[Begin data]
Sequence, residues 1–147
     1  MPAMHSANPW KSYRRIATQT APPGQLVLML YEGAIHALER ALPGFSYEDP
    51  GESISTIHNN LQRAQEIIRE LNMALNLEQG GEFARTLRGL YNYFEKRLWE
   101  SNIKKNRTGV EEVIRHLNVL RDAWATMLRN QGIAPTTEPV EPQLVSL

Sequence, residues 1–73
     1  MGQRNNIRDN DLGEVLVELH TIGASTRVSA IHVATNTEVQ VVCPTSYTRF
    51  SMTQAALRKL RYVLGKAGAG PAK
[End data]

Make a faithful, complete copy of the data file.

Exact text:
Sequence, residues 1–147
     1  MPAMHSANPW KSYRRIATQT APPGQLVLML YEGAIHALER ALPGFSYEDP
    51  GESISTIHNN LQRAQEIIRE LNMALNLEQG GEFARTLRGL YNYFEKRLWE
   101  SNIKKNRTGV EEVIRHLNVL RDAWATMLRN QGIAPTTEPV EPQLVSL

Sequence, residues 1–73
     1  MGQRNNIRDN DLGEVLVELH TIGASTRVSA IHVATNTEVQ VVCPTSYTRF
    51  SMTQAALRKL RYVLGKAGAG PAK